War of the Rebellion: Serial 102 Page 0980 LOUISIANA AND THE TRANS-MISSISSIPPI. Chapter LX.

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to be taken to the railroad deport nearest to Lexington (probably Durant Station). Full reports on all matters of interest will be required of You, and You will communicate with these headquarters frequently in any event. Strict and unrelaxing discipline must be Your motto.

I am, yours, very respectfully,


Assistant Adjutant-General.



Little Rock, Ark., June 23, 1865.

1. The battalion of the Eighty-seventh Illinois Infantry Volunteers is relieved from duty at post of Helena, Ark., and will report without delay to Brevet Major-General Salomon, commanding First Division, Seventh Army Corps, at Little Rock, Ark. The quartermaster's department will furnish transportation.

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By command of Major General J. J. Reynolds:


Assistant Adjutant-General.

WASHINGTON, ARK., June 23, 1865.

Major General J. J. REYNOLDS,

Commanding Department of Arkansas:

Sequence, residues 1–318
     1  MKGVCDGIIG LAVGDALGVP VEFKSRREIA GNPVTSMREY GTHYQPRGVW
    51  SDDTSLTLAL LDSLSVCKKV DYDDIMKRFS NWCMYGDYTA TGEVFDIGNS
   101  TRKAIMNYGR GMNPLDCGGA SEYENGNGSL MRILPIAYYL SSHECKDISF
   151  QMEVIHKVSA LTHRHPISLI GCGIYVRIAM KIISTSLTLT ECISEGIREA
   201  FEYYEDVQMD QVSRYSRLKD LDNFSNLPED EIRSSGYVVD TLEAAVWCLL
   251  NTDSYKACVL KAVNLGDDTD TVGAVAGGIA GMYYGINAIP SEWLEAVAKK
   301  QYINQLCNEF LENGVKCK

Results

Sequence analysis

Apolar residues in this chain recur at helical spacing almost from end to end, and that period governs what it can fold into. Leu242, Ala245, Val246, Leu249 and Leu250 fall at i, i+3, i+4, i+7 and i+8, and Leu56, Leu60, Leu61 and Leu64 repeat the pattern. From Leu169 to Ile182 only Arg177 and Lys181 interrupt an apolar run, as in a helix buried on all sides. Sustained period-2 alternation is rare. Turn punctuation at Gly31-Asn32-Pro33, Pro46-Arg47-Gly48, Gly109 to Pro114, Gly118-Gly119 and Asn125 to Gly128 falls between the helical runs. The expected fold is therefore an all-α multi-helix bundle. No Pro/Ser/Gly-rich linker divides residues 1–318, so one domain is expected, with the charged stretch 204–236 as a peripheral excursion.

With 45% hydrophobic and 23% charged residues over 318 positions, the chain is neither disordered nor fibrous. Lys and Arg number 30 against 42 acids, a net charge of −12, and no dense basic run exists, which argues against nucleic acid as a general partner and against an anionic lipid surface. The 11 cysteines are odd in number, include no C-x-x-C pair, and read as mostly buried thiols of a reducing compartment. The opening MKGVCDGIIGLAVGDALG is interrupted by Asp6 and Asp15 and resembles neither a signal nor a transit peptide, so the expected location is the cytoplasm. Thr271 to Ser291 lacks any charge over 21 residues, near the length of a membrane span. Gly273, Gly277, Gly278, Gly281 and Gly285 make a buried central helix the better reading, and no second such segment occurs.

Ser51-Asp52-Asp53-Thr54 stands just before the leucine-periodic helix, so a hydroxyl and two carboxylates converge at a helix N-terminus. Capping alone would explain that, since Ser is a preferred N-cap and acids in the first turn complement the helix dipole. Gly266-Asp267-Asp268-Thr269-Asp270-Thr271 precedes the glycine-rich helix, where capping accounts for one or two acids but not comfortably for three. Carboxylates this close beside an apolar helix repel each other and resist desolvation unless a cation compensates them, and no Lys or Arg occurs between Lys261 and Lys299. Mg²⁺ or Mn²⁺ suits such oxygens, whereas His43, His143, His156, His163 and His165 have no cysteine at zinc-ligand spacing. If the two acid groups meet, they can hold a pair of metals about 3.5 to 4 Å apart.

GENERAL: I have completed the paroling here after considerable difficulty, owing to the fact that the forces to be paroled were in a state of total disorganization. The number paroled will, I think, exceed 1,800. I found no public property except such arms as were turned in and which will number probably 300. These I shall send to Little Rock by Lieutenant Brady. I found that the bulk of the State records were at Rondo, thirty-five miles hence, and concluded not to attempt their recovery for reasons mentioned in my letter by Governor Flanagin. Such as were here I shall forward by Lieutenant Brady, and probably also the funds remaining in the hands of the treasurer, which I understand amount to about $5,000. Yesterday evening I received Your orders and letter of instructions directing me to visit Fort Towson. I shall leave at daylight to-morrow morning. I find difficulty in properly supplying myself with forage, but hope to eke out supplies by grazing the animals. If I am correctly informed the march from Towson to Smith will be difficult, if not impracticable, owing to the condition of the roads and the absence of grazing. If I find upon arrival at Towson that this information is correct, I shall return by some other route, as it will be impossible for me to subsist the animals without some assistance in the way of grazing. I have heard here, but unofficially of course, that commissioners had already been sent by Major-General Herron from Shreveport to do the work contemplated in my orders. I find all the inhabitants, soldiers and citizens of the late Confederacy, well disposed and seemingly anxious in goo faith to work for the restoration of civil authority under the old flag. The negroes here require looking after at once, as they are leaving their old homes and flocking toward the Federal posts with no definite purpose. This is particularly unfortunate at the present, as labor in the country is scarce and all required to secure the crop. The people are in tolerably straitened circum-